Rachel: Where is the Indian Encampment located?

Buck: This year the Indian Encampment is located at the corner of Nicholson and Botetourt streets adjacent to the Military Encampment. It’s a small footprint; several lean-to arbors and sheds. It’s meant to represent a temporary encampment in the Historic Area. At times, somewhere between 30 or 40, 100, 150, 200 Cherokees would be in Williamsburg. It’s a larger group of people than can stay at the Governor’s advance buildings or in a tavern, so they would create camps in the Historic Area. It may have been at Mr. Purdie’s field, it may have been at the Magazine, other references suggest the Capitol, so we’ve selected a pasture next to the military camp to represent that location where they would have been loaned tents from the Magazine and probably would have pulled together some lean-to structures, or temporary structures for them to stay while there here, so it’s meant to be less about the chiefmen and more about the common people and what their camp might be like, so there will be fires lit, there will be kettles on, food will be being prepared so folks can hear the sights the smells and what that camp might have been like.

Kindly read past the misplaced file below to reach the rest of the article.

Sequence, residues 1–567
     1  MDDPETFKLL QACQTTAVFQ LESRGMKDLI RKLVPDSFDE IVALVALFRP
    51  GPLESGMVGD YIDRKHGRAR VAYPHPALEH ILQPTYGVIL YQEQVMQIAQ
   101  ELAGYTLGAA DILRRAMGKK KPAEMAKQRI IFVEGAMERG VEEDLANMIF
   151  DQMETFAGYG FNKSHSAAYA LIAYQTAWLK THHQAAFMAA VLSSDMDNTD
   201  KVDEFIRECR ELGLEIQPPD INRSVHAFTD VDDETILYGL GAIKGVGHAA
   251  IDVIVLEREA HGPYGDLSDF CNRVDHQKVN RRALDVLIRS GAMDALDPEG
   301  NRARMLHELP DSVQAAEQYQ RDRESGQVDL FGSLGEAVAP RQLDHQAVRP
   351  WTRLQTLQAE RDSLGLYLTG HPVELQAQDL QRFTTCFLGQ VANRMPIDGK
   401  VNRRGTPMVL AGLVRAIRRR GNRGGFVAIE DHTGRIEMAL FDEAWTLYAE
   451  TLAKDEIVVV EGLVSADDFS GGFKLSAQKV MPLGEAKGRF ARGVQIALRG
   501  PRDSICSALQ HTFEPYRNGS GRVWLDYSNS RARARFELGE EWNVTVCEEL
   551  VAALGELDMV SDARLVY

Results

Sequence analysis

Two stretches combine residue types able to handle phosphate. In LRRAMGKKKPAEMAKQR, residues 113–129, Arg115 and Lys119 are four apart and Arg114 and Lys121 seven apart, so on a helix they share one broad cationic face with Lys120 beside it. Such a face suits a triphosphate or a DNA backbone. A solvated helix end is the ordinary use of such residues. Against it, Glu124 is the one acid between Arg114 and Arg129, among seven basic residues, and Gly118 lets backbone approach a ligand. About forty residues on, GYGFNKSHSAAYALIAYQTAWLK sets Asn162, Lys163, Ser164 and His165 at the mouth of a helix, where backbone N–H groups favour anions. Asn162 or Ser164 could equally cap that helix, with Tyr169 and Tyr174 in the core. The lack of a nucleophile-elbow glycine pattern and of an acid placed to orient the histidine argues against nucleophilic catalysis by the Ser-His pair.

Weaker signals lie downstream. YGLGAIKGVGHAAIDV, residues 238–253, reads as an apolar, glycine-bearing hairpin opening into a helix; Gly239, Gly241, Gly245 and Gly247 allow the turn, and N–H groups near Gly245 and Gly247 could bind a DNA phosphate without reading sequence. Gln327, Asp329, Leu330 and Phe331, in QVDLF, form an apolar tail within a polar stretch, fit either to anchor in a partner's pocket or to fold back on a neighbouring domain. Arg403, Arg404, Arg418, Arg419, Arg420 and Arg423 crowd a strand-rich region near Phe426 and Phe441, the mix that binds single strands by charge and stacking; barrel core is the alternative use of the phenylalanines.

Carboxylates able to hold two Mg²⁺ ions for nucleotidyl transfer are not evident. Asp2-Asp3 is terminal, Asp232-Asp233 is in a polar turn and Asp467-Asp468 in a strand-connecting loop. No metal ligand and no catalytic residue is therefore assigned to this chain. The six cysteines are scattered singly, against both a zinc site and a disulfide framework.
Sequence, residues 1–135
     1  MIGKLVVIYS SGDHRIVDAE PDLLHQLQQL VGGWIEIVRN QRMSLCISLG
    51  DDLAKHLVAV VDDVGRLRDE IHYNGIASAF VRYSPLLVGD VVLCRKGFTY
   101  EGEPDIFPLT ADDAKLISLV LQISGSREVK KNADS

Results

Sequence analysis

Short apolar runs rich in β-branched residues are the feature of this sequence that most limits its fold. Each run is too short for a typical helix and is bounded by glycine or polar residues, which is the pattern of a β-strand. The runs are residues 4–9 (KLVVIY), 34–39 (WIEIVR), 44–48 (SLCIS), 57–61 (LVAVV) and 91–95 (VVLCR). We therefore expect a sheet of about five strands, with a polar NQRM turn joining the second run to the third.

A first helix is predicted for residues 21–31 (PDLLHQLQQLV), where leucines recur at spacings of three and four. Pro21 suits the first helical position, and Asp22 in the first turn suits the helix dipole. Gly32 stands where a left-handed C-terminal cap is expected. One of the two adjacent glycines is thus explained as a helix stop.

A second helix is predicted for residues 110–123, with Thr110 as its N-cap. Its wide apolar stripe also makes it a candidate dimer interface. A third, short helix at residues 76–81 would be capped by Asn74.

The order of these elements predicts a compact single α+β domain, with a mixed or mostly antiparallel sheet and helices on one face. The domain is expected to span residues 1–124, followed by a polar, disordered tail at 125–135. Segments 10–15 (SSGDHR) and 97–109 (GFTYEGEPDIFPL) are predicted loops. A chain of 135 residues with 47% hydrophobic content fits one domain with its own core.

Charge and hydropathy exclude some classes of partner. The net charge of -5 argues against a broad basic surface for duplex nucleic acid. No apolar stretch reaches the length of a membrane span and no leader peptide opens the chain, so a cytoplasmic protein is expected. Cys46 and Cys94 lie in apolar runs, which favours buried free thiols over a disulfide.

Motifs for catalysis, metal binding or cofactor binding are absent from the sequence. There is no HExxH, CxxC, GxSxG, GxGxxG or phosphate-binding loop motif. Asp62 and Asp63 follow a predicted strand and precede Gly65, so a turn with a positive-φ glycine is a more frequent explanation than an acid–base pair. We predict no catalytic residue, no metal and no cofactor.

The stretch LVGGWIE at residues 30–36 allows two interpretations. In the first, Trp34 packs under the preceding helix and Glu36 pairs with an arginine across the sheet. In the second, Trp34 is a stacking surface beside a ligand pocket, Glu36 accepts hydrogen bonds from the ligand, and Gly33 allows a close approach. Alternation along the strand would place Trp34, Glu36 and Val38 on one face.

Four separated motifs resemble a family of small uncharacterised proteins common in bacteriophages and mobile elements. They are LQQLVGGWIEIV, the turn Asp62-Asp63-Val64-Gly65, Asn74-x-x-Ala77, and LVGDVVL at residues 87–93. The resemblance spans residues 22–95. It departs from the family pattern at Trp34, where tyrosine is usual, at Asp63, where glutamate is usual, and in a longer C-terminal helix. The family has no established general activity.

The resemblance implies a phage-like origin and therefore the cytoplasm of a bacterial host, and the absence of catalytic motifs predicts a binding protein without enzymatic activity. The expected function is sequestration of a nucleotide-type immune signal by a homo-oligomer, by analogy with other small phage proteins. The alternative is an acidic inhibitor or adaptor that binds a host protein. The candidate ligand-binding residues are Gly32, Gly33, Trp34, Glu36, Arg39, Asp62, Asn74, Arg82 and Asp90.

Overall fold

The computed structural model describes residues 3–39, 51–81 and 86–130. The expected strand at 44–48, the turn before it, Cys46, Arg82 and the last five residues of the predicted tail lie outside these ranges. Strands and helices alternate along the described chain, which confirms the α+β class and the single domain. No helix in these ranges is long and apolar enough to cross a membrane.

Rachel: There’s another program you’re doing called In the Footsteps of Diplomats. Can you talk a little bit about that?

Buck: Yes. In the Footsteps of Diplomats is a one time a year program that is a walking tour that we start at the Brafferton Indian School on the historic campus of The College of William & Mary, and we take a small number of guests up the Duke of Gloucester Street and pick specific locations along that walk to talk more in depth about the history of the Cherokee people being in Williamsburg. So, for those guests that want to be a little bit more engaged in the historical aspect of Cherokee presence or to really think about the different types of sights that Cherokee people may have engaged the colonial populations, and so like the Indian School, or one of the taverns, or a location where they had a dinner and a talker, maybe where Thomas Jefferson heard the great chiefs of the Cherokee speak, those locations will be highlighted and that history more fully explained. So it’s a walking tour that usually runs about 45 minutes to an hour and goes from one end of our historic campus to the other.

Rachel: I know there’s a big event called the Public Dance that draws a lot of visitors to come see, what happens during that public dance?